Engagement is nothing new or different
Briner poses two questions about whether engagement is a new or different concept
Engagement is not a new and different idea: If this is the case then the term and idea should be immediately discontinued because using a new term to describe existing concepts is confusing and unhelpful.
Engagement is a new and different idea: If this is the case then there is a huge amount of work to be done first to define engagement in a way that shows precisely how it is new and different and second to gather good quality evidence to show that measures of engagement are measuring something new and different.
There is lack of good quality evidence about employee engagement
As Briner states '
There is almost no good quality evidence with which to answer the most important questions about engagement:
Fundamental Question 1: 'Do increases in engagement cause increases in performance?'
Fundamental Question 2: 'Do engagement interventions cause increases levels of engagement and subsequent increases in performance?'
Over-claiming and misclaiming
Briner argues that these four challenges raise serious challenges about the usefulness of the idea of employee engagement. Nevertheless, there is an additional challenge;
That the proponents, supporters and advocates of engagement both over-claim by exaggerating the quantity and quality of evidence and mis-claim by making statements about engagement that, on closer inspection, seem to be about something else.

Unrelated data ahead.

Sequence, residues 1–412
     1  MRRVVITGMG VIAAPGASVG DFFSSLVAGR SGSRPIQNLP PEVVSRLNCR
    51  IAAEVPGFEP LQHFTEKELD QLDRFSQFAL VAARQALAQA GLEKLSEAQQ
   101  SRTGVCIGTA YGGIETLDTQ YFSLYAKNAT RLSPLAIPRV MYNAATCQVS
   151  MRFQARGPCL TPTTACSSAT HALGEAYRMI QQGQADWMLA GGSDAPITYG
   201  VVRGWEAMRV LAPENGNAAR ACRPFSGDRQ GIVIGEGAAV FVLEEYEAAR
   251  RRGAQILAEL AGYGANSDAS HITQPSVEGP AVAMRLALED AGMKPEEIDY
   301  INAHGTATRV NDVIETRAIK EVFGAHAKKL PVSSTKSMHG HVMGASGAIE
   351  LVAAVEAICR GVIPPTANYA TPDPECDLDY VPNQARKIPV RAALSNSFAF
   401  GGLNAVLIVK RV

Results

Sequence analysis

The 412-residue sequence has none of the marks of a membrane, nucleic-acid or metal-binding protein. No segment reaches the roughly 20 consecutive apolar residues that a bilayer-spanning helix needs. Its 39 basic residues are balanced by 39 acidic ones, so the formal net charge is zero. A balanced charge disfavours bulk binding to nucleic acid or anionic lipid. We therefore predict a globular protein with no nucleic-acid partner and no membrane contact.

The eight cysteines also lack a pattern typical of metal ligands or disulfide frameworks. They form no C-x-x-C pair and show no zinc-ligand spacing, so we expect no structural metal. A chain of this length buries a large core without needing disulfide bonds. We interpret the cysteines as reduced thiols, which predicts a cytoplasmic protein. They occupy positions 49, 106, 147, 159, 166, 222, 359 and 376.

What are the implications of this discussion for school leaders who wish to monitor job satisfaction and engagement.
- It will be a waste of time and resources for the school to try and develop its own valid and reliable measures of employee engagement
- Staff surveys are highly likely to tell you very little, indeed as Argyris (1994) states may even get in the way of learning what needs to be done.
- Multiple proxy measures of employee engagement are going to be required to help school leaders make a judgement about employee engagement.
How school leaders tackle the challenge of employee engagement comes down to a choice as to type of school leaders they want to be. Are they school leaders who carefully examine the evidence on a particular, being explicit about what they know or don't know and then act accordingly. Or do they want to be school leaders who are not overly bothered about the quality of the evidence, subsequently misclaim and misrepresent the evidence for their own purposes and come up with superficial solutions to complex issues. The choice is yours! (Amended from Briner)
Argyris, C. (1994). Good Communication That Blocks Learning. Harvard business review. 72. 4. 77-85.
Bamford, S. and Worth, J. (2017). Teacher Retention and Turnover Research. Research Update 3: Is the Grass Greener Beyond Teaching? Slough. NFER
Briner, R. (2014). What Is Employee Engagement and Does It Matter? An Evidence-Based Approach. The Future of Engagement Thought Piece Collection. 51.